In 1170, when Thomas Becket was struck down as he knelt at the altar rail, a tide of pilgrims rose across Europe and flooded to Canterbury. The finger of responsibility soon pointed sharply towards Henry II and, fearing the ultimate sanction of excommunication by the Pope, the King was forced to humble himself by walking barefoot and dressed in a simple linen shift to Becket’s shrine. There Henry submitted himself to ritual strokes of the whip administered in turn by the bishops, abbots and the 80 monks present. This act of penance was the price of political survival.
What you wear is a big deal in pilgrimage and special clothes often mark out the pilgrim from the regular traveller. Kānvarias, devotees of the Hindu god Shiva wear saffron robes and travel bare-foot to collect the holy waters of the Ganges. On the Shikoku circuit of 88 shrines in Japan, pilgrims traditionally wear white garments which represent the shroud they will be buried in should they die along the way and for Muslims, the Hajj begins when they change into the simple white unstitched cloths known as ihram.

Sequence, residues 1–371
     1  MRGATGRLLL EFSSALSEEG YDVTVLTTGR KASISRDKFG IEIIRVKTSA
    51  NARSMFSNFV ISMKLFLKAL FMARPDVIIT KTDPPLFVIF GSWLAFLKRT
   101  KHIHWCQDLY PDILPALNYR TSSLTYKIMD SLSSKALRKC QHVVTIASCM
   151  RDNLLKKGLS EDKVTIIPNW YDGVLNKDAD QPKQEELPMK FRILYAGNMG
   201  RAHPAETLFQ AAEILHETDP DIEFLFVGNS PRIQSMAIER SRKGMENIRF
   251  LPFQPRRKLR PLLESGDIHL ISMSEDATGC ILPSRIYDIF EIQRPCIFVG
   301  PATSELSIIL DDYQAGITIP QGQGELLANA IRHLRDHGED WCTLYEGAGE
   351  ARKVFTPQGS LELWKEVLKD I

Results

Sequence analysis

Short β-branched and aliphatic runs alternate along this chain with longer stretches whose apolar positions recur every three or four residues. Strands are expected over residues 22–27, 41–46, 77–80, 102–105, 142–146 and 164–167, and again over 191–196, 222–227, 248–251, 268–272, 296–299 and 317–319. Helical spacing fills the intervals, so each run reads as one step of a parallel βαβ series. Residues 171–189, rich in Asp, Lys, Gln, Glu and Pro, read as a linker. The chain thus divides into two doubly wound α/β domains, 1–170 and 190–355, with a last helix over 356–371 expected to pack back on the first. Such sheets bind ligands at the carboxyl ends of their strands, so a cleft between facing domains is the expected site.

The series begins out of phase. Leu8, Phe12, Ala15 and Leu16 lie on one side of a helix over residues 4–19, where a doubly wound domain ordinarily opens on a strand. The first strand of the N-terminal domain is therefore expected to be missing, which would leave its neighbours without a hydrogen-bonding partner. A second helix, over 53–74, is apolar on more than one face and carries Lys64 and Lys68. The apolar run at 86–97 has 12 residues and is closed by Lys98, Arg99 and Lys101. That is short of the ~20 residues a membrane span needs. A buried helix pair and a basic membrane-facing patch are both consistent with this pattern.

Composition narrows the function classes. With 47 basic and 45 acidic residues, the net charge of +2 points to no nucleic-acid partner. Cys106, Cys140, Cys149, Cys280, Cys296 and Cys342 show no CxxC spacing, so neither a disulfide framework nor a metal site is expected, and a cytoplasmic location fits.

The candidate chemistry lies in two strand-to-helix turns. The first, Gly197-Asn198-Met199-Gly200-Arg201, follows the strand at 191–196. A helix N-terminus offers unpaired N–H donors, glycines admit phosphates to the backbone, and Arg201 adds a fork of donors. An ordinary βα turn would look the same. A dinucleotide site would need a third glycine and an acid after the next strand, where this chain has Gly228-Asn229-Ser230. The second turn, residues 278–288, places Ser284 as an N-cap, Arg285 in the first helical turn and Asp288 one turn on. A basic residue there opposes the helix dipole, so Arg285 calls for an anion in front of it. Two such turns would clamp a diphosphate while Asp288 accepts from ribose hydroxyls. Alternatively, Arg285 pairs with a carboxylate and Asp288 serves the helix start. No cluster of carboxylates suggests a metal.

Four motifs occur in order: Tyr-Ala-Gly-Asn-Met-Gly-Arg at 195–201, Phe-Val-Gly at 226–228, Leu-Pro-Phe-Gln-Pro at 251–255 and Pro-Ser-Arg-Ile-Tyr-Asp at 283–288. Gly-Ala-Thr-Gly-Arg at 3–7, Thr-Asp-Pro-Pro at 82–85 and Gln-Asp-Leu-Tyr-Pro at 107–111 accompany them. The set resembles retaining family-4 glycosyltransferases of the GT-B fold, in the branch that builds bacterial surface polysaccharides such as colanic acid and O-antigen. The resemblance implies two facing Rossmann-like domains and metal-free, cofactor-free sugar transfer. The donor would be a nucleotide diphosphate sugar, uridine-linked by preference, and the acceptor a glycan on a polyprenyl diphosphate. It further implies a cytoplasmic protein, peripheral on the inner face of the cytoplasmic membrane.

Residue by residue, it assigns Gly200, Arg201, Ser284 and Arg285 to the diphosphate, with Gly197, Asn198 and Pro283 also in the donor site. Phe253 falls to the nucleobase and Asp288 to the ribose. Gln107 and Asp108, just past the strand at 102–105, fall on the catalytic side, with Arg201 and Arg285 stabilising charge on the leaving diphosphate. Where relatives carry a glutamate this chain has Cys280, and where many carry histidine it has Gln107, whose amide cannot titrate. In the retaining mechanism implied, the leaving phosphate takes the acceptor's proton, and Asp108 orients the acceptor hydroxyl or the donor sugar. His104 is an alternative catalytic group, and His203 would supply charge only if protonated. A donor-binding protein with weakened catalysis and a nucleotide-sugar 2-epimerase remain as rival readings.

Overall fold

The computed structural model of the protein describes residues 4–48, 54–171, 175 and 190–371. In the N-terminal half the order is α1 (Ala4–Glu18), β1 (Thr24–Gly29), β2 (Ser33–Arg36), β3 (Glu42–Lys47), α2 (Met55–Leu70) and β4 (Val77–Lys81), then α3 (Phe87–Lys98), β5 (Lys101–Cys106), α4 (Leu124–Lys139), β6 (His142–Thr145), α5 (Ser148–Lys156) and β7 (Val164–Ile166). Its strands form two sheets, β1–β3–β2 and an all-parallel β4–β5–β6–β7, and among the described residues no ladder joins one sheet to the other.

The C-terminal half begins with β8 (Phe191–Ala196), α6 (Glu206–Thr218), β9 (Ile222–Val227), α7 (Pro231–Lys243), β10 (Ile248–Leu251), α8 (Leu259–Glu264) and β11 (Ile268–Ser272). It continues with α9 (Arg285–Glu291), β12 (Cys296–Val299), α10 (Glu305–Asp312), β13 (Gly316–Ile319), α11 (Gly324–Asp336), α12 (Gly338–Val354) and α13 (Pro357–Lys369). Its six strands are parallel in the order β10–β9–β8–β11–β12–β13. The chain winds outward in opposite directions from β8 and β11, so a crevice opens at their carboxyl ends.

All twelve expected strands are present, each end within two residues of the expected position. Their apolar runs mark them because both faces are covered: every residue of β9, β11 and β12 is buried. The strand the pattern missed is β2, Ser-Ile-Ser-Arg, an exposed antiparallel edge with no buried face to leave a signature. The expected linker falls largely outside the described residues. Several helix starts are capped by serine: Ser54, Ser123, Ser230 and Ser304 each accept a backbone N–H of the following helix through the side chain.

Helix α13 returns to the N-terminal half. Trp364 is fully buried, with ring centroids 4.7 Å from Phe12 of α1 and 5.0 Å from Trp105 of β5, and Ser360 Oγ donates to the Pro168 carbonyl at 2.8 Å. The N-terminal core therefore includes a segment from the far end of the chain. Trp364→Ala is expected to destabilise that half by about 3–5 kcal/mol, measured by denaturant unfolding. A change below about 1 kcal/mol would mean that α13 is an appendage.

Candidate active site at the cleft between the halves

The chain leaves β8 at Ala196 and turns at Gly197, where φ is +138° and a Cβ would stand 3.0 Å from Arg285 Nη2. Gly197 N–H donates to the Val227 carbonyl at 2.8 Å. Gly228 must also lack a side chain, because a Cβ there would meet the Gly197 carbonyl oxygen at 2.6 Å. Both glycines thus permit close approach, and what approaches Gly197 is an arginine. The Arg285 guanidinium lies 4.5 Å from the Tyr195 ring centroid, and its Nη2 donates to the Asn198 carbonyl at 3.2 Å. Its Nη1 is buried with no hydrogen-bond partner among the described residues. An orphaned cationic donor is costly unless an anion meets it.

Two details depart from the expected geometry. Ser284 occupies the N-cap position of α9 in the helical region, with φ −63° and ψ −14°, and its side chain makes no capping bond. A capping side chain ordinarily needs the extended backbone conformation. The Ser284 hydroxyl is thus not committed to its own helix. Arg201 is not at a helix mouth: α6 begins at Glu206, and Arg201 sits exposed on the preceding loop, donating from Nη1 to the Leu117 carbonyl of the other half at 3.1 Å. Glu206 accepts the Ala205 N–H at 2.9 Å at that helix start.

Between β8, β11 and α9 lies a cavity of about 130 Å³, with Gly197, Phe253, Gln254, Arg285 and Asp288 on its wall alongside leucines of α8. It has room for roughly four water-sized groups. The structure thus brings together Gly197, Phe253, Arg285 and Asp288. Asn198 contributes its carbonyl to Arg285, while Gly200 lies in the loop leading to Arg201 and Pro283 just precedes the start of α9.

Keeping it simple serves the secular pilgrim too, not just for reasons of humility, but because expressing yourself through what you own never feels so heavy as when you’re carrying it for days on end. There are exceptions of course and certain belongings can lighten the emotional load. Even the US Space Shuttle program allowed astronauts to take a Personal Preference Kit or PPK – although it couldn’t weigh more than a pound and a half and had to fit into a special bag provided by NASA. For myself, I never travel without an old Hermes scarf given to me by my husband years ago. It can keep my head cool or dry depending on the weather, and it weighs almost nothing, but most useful of all, it warms my heart on the journey.